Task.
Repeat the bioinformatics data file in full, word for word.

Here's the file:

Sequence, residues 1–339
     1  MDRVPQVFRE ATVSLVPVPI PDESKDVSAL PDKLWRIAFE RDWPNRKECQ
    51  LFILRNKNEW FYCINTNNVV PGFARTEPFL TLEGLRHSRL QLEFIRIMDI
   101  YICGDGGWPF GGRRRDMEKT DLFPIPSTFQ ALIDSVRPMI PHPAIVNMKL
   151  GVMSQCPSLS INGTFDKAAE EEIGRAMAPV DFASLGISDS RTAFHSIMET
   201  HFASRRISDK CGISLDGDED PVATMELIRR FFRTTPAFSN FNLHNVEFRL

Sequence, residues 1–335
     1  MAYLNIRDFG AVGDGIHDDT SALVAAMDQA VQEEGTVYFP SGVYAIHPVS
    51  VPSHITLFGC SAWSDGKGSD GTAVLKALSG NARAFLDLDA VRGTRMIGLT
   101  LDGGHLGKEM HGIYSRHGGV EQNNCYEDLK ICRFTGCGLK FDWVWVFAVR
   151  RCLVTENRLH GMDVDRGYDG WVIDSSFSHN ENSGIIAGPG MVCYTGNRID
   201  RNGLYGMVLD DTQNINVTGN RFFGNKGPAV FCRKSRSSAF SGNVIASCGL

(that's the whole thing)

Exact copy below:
Sequence, residues 1–339
     1  MDRVPQVFRE ATVSLVPVPI PDESKDVSAL PDKLWRIAFE RDWPNRKECQ
    51  LFILRNKNEW FYCINTNNVV PGFARTEPFL TLEGLRHSRL QLEFIRIMDI
   101  YICGDGGWPF GGRRRDMEKT DLFPIPSTFQ ALIDSVRPMI PHPAIVNMKL
   151  GVMSQCPSLS INGTFDKAAE EEIGRAMAPV DFASLGISDS RTAFHSIMET
   201  HFASRRISDK CGISLDGDED PVATMELIRR FFRTTPAFSN FNLHNVEFRL

Sequence, residues 1–335
     1  MAYLNIRDFG AVGDGIHDDT SALVAAMDQA VQEEGTVYFP SGVYAIHPVS
    51  VPSHITLFGC SAWSDGKGSD GTAVLKALSG NARAFLDLDA VRGTRMIGLT
   101  LDGGHLGKEM HGIYSRHGGV EQNNCYEDLK ICRFTGCGLK FDWVWVFAVR
   151  RCLVTENRLH GMDVDRGYDG WVIDSSFSHN ENSGIIAGPG MVCYTGNRID
   201  RNGLYGMVLD DTQNINVTGN RFFGNKGPAV FCRKSRSSAF SGNVIASCGL